Summer has welcomed itself to the ranch with its usual business. I am still struggling to teach myself to carry a camera with me to capture all the things that go on at the ranch. To be a serious blogger, I must, must take some photos. I plan each night to take my camera with me the next day. I make promises to change my lifestyle and tote the camera bag with me. I consider taking the small camera instead of the larger one. Each day I am sure that tomorrow I will be more diligent. Each evening I am sure the next day I will have enough will power to tackle the camera toting problem. It is much like deciding to go on a diet and promising myself that tomorrow I will have willpower and stay on a diet. After all, I just finished stuffing my mouth with chocolate cake. Tomorrow will be the day. Tomorrow I will diet. Tomorrow I will responsibly be a photographer!
There have been many tomorrows. I considered taking the camera with me on one of those tomorrows. As usual, I decided against it. After all, I was riding a young horse, a guest was with me, Joe was on a young horse and who knows the problems that could occur. Actually that was a good call. Someone dropped the reins on their horse, I got off of mine to fetch their rein. Instantaneously a protective mama cow decided Joe was much too close to her calf. She hit is horse in the chest. I was on the ground. Hmmmm what to do, gather up the loose rein for the gal and then run for my horse in case the cow headed my way? Just think of the shot I could have gotten with a camera nearby. I could have whipped out the camera, snapped a great shot, got the rein and mounted my horse just as the cow came barreling by.
What about last week? On that tomorrow when I should have taken my camera along, we were gathering 4 bulls out of a small 80 acre pasture. Simple stuff. Why not take the time to pack a camera along? The bulls walked willingly through the prairie dog town and down a cow path to the dry creek bed. The older black bull decided to run right and go into the brush. I kicked my horse up to cut him back. My horse was thrilled to see some action and bucked. I checked her up and spoke some disciplinary words to her. I knew I should have warmed her up a bit. After all, sometimes she can be a little fresh. I took my rope off the saddle and gave it to Joe. In case she bucked again, I didn’t need anything to get tangled up in. No matter how whimpy it sounds, I am a real cowgirl, but I stand a better chance of riding a bucking horse without a rope. I have no pride. Rope was removed. As we hopped across the creek bed and up the other side she began bucking again and again………..and again. I didn’t make it. Too bad I didn’t have the camera. I could have whipped it out just in time to take a photo of me in mid air or a photo of the matching bruises I got on the inside of each my legs from hitting the D ring of the saddle on every buck.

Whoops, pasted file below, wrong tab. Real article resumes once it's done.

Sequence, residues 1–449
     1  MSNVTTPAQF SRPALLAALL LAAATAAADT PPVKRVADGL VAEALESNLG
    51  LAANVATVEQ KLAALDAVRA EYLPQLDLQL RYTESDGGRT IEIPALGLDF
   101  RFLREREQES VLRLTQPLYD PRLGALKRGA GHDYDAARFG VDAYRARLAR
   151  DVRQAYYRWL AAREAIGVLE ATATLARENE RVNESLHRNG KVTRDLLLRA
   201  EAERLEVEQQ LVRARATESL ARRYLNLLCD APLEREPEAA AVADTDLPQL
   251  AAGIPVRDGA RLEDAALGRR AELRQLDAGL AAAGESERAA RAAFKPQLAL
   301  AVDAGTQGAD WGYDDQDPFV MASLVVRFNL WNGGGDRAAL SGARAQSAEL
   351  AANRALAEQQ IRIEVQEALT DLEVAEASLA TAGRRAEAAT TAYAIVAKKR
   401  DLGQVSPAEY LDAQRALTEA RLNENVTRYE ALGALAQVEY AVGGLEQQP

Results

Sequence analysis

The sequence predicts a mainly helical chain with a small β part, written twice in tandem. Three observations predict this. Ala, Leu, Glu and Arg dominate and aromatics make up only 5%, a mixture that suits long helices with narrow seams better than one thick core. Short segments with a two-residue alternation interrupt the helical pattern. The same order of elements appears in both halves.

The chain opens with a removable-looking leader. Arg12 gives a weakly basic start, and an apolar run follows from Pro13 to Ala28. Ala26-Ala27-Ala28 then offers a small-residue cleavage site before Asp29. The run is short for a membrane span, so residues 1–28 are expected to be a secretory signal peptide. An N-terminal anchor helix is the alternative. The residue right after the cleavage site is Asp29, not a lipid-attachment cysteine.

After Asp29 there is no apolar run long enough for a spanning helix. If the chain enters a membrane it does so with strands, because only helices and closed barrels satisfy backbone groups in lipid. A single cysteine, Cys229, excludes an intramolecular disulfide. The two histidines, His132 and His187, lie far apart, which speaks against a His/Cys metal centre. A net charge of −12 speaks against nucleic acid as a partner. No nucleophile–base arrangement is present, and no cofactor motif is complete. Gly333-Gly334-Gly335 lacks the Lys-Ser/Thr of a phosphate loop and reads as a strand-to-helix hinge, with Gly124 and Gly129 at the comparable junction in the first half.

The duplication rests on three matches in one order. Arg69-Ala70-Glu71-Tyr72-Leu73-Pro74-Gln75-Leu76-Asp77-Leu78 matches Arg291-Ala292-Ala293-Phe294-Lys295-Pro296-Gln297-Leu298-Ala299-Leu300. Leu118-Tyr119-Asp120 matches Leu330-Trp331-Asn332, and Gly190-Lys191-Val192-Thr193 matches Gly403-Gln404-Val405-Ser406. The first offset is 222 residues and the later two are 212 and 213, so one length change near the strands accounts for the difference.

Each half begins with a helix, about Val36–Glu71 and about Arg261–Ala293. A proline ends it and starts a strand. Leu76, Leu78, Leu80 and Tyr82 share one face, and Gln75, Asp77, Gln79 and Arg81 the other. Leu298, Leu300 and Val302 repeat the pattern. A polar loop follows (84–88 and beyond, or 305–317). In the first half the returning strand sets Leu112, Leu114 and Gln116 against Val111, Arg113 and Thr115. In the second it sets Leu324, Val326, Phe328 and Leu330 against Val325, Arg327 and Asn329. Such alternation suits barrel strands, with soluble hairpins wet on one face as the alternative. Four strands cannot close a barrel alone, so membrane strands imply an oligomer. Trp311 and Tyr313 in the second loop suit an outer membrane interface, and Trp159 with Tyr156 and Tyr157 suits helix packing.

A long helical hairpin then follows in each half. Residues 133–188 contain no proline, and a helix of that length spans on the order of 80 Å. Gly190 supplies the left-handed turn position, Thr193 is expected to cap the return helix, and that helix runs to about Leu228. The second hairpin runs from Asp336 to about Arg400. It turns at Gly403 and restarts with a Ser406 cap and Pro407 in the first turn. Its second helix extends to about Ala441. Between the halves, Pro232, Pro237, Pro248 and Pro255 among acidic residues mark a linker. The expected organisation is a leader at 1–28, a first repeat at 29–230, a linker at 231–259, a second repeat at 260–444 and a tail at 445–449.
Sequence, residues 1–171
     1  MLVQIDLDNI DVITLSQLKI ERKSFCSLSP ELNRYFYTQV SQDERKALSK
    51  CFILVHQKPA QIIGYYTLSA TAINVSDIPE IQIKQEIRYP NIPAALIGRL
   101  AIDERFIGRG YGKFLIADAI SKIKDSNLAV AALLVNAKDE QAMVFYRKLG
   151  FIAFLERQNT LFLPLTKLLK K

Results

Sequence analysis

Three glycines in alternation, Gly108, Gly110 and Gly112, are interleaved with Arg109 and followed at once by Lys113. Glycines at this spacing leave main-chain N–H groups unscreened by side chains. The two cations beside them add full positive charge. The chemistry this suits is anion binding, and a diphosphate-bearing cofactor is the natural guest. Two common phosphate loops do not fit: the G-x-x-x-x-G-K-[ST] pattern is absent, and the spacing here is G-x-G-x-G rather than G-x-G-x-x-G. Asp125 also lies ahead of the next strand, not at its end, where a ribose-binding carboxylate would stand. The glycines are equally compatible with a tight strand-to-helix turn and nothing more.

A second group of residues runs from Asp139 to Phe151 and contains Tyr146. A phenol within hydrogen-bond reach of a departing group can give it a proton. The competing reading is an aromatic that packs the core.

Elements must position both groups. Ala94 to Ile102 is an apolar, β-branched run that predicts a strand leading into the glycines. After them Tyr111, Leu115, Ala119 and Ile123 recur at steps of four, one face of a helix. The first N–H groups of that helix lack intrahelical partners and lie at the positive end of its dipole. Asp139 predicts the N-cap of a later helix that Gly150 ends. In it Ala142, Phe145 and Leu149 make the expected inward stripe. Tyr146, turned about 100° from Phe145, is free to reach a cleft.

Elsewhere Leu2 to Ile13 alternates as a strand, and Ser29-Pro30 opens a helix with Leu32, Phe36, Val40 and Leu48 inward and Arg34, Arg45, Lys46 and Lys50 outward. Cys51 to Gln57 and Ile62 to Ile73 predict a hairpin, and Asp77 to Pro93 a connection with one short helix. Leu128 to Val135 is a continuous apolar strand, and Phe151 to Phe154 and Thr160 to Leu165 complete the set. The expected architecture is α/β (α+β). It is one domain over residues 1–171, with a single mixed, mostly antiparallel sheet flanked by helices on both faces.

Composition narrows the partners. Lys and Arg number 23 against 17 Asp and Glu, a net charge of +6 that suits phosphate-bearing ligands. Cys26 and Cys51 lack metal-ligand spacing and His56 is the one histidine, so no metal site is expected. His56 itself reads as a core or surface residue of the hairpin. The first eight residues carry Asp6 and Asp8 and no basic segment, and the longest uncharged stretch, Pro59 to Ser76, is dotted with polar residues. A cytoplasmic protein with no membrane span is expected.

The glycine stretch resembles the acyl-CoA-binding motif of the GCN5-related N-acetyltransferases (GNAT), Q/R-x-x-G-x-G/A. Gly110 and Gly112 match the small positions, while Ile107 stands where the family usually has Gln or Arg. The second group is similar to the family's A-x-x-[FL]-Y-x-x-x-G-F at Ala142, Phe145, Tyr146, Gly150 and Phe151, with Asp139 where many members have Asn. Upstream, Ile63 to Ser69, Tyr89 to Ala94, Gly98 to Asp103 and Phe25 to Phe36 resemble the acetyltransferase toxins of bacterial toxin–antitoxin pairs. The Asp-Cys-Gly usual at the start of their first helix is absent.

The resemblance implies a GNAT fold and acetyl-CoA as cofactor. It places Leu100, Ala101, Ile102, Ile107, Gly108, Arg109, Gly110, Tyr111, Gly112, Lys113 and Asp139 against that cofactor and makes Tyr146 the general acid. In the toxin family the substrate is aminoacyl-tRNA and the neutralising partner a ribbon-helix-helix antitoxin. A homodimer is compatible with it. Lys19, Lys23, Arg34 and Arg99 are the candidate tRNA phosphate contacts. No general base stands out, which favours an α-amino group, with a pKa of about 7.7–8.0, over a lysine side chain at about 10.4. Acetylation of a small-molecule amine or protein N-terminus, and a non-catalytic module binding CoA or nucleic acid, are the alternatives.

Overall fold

Or what about the tomorrow when we drove 298 head of pairs just 3 1/2 miles. That was the day that began gloriously easy. Then the cows quit driving and the calves began to try to run back to the pasture we had started from. That is dangerous stuff. When the calves start to run pell mell in every direction, there is usually no end to the trauma it creates in my life, but that would have been a great time to take a photo. I could have labeled it “Disaster in the Making”. I could have yelled at Joe, “I’ll be there in just a few seconds. I just want to get a photo of all these calves trying to run off.” No, my decision not to take a camera was worth it. We contained all the calves and finally made it to the corral. It was a long, long morning and the memory of it will live for sometime in my photogenic mind. You will just have to trust me and settle for a word picture.
Tomorrow we are riding out to check a calf I doctored for scours. (That is the cowboy word for diarrhea). Then we will go to the big pasture and ride through about 180 cows there. Maybe I should take my camera along. I will send you a photo if I do.